The rise and fall of Anglo Irish bank has made some names famous, and others infamous. To help identify the aiders and the culprits of the complex situation unfolding in Ireland’s financial industry, below is a list of the main players in the events and where they stand now.
On the side of famous, we have Mike Aynsley, a strong financial figure with a seemingly clear idea of the situation. On the side of infamous, we have John Bowe and David Drumm, brought into the public awareness because of the leaked tapes of their conversations to the press.
The Australian financier was brought into the fray as CEO to try and alleviate some of the bank’s issues and bring it back under control. He was successful in his bid to reduce the bank’s assets that lay in loans, bringing it from an uncontrollable €115 billion to a more manageable €14 billion. He also brought in €10 billion through the sale of the US assets of the bank.
Aynsley was able to bring the bank into solvency, but the decision of the government to make the bank liquidate may have undermined his hard work. The solution remains to be seen, but Aynsley has returned to his native Australia.
The banking executive was brought from virtual nonexistence in the public eye to the forefront of the Irish press’s interest in the Anglo Irish debacle. The internal telephone conversations between himself and his colleagues at the bank were published earlier this year, and they were less than flattering.
His most pertinent statement was perhaps on the €7 billion loan from the government to salvage the bank. “I picked it out of my arse,” he can be heard saying of the figure that costs the taxpayer more than a pretty penny.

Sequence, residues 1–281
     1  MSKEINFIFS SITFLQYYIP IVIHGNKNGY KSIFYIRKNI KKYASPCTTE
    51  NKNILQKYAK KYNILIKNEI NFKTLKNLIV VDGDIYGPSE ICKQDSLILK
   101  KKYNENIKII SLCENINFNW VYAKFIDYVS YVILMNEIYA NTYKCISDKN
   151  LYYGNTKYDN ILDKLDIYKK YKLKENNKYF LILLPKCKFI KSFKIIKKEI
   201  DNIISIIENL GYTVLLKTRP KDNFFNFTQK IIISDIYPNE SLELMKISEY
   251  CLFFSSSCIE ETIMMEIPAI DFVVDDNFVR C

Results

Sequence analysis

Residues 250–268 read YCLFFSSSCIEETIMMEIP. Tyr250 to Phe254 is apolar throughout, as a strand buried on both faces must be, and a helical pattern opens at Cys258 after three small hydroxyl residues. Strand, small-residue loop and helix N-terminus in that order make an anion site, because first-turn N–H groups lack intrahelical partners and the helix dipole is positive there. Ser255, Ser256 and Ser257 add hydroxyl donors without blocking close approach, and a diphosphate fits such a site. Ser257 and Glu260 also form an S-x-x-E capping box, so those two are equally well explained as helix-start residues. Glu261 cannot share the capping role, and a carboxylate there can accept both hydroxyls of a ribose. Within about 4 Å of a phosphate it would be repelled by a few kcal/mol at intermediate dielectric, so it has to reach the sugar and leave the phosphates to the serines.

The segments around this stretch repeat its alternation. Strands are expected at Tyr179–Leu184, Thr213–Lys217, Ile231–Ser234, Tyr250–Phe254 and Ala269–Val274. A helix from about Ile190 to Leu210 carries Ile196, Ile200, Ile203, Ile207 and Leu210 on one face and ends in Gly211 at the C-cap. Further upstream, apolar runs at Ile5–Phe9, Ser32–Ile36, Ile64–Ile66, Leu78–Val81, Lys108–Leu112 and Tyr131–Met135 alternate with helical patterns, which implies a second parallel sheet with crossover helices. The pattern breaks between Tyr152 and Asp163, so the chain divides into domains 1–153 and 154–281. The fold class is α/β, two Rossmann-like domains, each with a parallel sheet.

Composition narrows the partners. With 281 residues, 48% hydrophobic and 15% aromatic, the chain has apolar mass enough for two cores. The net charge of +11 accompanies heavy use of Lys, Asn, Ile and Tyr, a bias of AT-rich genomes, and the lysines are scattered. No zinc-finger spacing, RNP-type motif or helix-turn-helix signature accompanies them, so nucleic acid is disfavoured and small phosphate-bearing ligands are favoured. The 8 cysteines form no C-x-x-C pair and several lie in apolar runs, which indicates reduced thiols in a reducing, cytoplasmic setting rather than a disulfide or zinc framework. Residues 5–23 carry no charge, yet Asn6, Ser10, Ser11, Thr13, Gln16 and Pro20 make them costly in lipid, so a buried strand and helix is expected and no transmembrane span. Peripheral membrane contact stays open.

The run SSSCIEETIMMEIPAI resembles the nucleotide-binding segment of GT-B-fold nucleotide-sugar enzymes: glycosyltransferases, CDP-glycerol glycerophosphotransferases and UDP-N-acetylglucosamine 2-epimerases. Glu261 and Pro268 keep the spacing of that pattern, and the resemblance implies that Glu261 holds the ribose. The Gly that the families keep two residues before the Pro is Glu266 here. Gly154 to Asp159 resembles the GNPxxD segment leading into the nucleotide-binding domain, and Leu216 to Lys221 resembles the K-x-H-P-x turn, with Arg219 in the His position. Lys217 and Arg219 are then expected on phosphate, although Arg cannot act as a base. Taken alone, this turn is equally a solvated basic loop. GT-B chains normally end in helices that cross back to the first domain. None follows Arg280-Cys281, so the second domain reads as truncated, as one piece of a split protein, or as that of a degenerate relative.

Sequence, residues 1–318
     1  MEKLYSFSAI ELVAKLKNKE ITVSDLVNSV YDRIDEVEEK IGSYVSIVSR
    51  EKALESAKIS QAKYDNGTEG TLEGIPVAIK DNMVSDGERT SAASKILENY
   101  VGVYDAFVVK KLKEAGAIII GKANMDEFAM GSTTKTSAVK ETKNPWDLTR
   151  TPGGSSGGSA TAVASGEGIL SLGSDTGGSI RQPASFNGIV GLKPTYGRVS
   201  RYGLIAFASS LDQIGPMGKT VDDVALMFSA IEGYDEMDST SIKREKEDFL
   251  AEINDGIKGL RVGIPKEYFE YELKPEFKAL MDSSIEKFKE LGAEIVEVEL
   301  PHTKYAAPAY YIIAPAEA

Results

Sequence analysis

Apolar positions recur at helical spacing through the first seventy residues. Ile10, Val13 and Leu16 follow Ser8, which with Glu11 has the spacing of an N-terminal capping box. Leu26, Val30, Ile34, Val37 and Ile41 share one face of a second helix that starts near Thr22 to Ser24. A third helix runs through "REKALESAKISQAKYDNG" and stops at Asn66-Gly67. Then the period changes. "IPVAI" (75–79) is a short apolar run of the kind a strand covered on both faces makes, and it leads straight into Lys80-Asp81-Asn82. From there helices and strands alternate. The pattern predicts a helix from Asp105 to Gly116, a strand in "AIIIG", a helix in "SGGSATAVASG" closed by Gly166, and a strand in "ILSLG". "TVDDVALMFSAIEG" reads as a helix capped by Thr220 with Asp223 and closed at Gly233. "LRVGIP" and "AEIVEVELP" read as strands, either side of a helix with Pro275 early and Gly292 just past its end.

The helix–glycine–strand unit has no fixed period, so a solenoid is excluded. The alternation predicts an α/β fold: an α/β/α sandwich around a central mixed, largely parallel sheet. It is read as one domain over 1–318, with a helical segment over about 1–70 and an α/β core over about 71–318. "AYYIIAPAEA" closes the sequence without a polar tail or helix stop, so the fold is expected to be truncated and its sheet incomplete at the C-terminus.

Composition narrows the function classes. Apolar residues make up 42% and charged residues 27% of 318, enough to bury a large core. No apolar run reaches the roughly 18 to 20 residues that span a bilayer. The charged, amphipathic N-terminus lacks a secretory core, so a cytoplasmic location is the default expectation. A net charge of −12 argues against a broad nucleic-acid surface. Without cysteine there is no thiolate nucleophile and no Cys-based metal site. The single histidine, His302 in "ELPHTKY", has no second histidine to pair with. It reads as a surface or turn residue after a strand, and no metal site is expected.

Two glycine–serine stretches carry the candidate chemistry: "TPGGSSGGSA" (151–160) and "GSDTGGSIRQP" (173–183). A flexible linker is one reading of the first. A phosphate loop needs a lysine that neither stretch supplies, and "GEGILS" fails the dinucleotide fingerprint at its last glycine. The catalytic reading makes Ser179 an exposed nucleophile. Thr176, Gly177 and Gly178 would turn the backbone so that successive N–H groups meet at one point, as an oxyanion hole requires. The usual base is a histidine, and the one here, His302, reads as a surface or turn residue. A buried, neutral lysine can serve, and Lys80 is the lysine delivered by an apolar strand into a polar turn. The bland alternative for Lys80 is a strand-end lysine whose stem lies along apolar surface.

Currently, Bowe is away in Istanbul, attempting to rein in some of the loans that the bank made to balance the books a little better.
Formerly the Chief Executive Officer of Anglo Irish before Aynsley, Drumm was replaced because of the spectacularly unwise comments he made on the leaked tapes. Within the space of a few short months, Drumm realised that the bank’s loans from the Central Bank were not enough to save it due to his misjudgement, and he turned to threats to resolve the situation.
His planned words to the Finance Minister Lenihan were: “What’s this about having to go through due diligence? You made that decision on the 29th of September. You’ve told world we’re all solvent. Now can you protect your hundred billion guarantee of us by writing a two or three billion cheque and get on with it.”
His unwieldy attitude towards the bank and towards the finance regulators led to this dismissal from the bank, and his condemnation by the public and the financial industry.
To keep up to speed on the situation at Anglo Irish Bank, please read my other posts and take a look at my Slide Share.